Youth on Record gets a digital music computer lab thanks to Big Gigantic

The Boulder-based duo decided last year to donate all funds raised in the second half of 2017 by their foundation to building a digital music computer lab for the Denver nonprofit.

Levi Vigil makes a beat in Youth on Record's new digital music production lab in their Lincoln Park headquarters, May 23, 2018. (Kevin J. Beaty/Denverite) denver; colorado; denverite; kevinjbeaty; youth on record; music; mariposa; lincoln park;
Levi Vigil makes a beat in Youth on Record’s new digital music production lab in their Lincoln Park headquarters, May 23, 2018. (Kevin J. Beaty/Denverite)

Youth on Record just got a big boost in its mission to train and support the next generation of Colorado engineers, producers and musicians, courtesy of Big Gigantic.

The Boulder-based duo decided last year to donate all funds raised in the second half of 2017 by their A Big Gigantic Difference Foundation to building a digital music computer lab for the Denver nonprofit.

And at the lab’s unveiling Wednesday afternoon, Big Gigantic’s Dominic Lalli and Jeremy Salken were joined at Youth on Record by another big-name guest: U.S. Deputy Secretary of Housing and Urban Development Pam Patenaude.


As the last assisted-living residents leave, Denver’s Golden Manor set for conversion to condominiums

The renovated units will be less expensive than other condos and town-homes in the area, which is near Sloan’s Lake.

"I love my place, this is my home," says Doris Wascher, who was homeless before moving into Golden Manor. "I thought this was going to be the last place I would have to move," she said. " I thought this is where I was gonna die." A meeting informing Golden Manor residents on details for the assisted living facility's closure in three months, Jan. 25, 2018. (Kevin J. Beaty/Denverite) assited living; aging; affordable housing; housing; elder care; denver; denverite; west colfax; kevinjbeaty;
“I love my place, this is my home,” says Doris Wascher, who was homeless before moving into Golden Manor. ” I thought this is where I was gonna die.” Jan. 25, 2018. (Kevin J. Beaty/Denverite)

On Jan. 25, the residents of Golden Manor Assisted Living met one of the people who had bought their home.

At an emotional gathering in the wood-paneled dining room, they asked what would happen to them. Some are elderly, others have disabilities, and few were confident that they could easily find another home.


Feels like this election season has been pretty lawsuit-y, but Wayne Williams says he’s seen lawsuit-ier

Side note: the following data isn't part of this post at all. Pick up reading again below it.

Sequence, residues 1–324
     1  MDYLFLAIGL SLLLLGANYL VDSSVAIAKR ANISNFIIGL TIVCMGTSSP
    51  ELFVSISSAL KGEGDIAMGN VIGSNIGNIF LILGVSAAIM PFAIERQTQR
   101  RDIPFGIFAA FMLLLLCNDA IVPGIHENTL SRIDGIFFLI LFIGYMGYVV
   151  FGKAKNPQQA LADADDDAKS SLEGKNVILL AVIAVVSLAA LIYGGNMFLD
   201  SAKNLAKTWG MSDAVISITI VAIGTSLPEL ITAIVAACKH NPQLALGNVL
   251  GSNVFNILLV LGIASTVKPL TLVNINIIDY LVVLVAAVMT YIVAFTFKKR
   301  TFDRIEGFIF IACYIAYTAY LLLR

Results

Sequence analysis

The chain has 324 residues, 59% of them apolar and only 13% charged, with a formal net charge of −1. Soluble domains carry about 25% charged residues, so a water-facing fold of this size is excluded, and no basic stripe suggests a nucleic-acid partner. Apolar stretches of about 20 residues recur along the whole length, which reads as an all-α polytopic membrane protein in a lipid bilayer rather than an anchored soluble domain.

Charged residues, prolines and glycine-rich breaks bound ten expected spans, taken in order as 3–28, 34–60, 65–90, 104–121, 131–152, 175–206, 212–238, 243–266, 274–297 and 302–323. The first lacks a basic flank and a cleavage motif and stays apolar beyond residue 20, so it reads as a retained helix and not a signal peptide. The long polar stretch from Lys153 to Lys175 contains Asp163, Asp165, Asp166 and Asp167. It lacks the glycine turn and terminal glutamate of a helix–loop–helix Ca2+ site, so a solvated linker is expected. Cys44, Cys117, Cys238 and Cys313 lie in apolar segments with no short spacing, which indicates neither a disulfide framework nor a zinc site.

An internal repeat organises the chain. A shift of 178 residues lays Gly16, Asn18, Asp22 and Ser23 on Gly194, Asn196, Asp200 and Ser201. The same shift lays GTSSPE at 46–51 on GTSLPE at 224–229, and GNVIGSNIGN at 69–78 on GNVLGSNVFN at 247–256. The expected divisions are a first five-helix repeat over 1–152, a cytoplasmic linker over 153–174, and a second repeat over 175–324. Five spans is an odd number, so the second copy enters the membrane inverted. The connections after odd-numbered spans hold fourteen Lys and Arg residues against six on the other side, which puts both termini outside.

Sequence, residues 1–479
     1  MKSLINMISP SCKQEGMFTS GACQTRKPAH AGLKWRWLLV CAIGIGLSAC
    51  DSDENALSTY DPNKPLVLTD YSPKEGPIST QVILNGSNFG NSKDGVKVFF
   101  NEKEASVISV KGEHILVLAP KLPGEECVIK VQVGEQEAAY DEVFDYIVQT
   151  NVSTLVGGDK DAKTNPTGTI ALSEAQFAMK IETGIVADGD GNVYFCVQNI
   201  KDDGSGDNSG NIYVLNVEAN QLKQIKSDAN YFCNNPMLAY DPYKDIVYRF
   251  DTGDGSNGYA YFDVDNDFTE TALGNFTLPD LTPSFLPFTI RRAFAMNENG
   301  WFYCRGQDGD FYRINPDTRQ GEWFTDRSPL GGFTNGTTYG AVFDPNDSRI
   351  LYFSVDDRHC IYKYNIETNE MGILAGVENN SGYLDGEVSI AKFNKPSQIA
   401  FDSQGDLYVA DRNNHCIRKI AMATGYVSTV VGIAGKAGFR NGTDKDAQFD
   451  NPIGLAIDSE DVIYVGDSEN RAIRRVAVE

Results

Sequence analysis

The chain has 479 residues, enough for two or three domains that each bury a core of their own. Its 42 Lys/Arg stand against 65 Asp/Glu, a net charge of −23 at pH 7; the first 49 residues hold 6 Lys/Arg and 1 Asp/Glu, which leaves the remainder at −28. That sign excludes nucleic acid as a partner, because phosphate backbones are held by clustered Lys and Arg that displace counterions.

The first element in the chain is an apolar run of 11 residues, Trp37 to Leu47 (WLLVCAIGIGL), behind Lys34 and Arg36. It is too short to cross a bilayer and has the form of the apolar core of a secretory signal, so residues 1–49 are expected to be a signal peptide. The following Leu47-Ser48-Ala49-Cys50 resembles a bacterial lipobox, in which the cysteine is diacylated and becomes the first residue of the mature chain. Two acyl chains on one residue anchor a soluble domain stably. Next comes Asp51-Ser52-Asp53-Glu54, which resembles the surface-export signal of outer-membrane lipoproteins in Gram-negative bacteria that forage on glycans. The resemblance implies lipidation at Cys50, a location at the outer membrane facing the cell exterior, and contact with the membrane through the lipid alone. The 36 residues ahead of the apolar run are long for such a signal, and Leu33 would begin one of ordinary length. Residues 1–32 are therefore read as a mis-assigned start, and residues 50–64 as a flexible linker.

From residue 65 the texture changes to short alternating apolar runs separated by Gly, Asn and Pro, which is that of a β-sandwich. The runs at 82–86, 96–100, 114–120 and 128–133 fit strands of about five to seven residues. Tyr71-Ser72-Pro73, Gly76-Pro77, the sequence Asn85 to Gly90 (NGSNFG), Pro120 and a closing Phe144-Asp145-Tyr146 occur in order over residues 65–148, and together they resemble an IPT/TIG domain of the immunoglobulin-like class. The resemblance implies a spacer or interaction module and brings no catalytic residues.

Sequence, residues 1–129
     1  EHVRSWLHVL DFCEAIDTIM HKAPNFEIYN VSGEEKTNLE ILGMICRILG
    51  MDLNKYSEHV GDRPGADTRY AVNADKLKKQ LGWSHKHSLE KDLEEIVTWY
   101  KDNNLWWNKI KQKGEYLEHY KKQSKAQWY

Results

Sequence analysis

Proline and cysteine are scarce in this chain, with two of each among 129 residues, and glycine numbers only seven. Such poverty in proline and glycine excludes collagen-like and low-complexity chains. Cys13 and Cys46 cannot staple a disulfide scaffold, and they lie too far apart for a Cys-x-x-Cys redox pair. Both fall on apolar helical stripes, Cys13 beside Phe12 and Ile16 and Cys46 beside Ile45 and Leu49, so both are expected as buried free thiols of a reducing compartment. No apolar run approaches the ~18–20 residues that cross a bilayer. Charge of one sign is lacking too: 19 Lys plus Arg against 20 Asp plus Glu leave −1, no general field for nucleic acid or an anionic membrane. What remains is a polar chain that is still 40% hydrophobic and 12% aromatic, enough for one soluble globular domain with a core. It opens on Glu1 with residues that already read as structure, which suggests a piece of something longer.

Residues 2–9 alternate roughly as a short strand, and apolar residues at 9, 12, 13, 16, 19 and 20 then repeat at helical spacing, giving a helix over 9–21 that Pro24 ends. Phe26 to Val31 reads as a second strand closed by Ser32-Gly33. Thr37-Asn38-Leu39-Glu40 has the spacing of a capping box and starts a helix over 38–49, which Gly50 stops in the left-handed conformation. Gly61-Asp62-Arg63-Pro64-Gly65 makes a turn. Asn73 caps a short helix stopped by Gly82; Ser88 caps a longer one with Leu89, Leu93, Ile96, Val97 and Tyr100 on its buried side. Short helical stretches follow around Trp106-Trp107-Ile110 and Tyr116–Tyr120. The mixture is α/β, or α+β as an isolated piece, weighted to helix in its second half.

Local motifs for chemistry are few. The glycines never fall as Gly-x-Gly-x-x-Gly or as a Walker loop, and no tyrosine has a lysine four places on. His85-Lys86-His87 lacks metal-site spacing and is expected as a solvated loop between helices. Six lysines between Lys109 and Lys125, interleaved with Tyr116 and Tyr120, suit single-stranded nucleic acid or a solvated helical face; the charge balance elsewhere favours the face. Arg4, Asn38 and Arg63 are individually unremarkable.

Colorado Secretary of State reviews this year’s petitioning process during a meeting of the Bipartisan Election Advisory Committee.

Secretary of State Wayne Williams holds a bipartisan election meeting, May 23, 2018. (Kevin J. Beaty/Denverite) denver; colorado; denverite; kevinjbeaty; copolitics; voting; wayne williams;
Secretary of State Wayne Williams during the Bipartisan Election Advisory Meeting on May 23, 2018. (Kevin J. Beaty/Denverite)

Colorado’s Secretary of State’s office can boast a small victory during this year’s election cycle so far: Petitioning candidates were only involved in five lawsuits.


Who’s Next: Politics — 16 rising stars in the Denver area

We asked you to identify the rising political stars of the Denver area, and you delivered.

denverite event; graphic; who's next;

We asked you to identify the rising political stars of the Denver area, and you delivered.

After studying nominations from Denverite readers and sources, we’re thrilled to announce the first-ever class of Who’s Next: Politics, presented by Sewald Hanfling Public Affairs — and you can meet them at an event where we’ll recognize them on June 7 at the ART Hotel. Drinks, mingling and, yes, probably a little talk of politics.

The criteria for the list were simple: We were looking for people on their way up in politics, whether that’s in office, working on campaigns, working in activism, fundraising, lobbying — whatever. As long as they weren’t currently declared in a contested race, we’d consider them.

Here’s the impressive roster of local politicos you’ve helped us build.


It’s taking longer to answer 911 calls in Denver, so your phone bill could get bigger

Under a new proposal, the city would increase that surcharge on local cells and landlines from $0.70 to $1.20 per month.

A firetruck whizzes across Downing Street. (Kevin J. Beaty/Denverite) denver; colorado; denverite; kevinjbeaty; five points; breaking; sirens; firetruck;
A firetruck whizzes across Downing Street. (Kevin J. Beaty/Denverite)

If you dial 911 today, the phone won’t be ringing very long:  The average call is answered within 7 seconds.

But the city expects its emergency responses to get slower and slower if nothing changes, according to Denver’s emergency planners.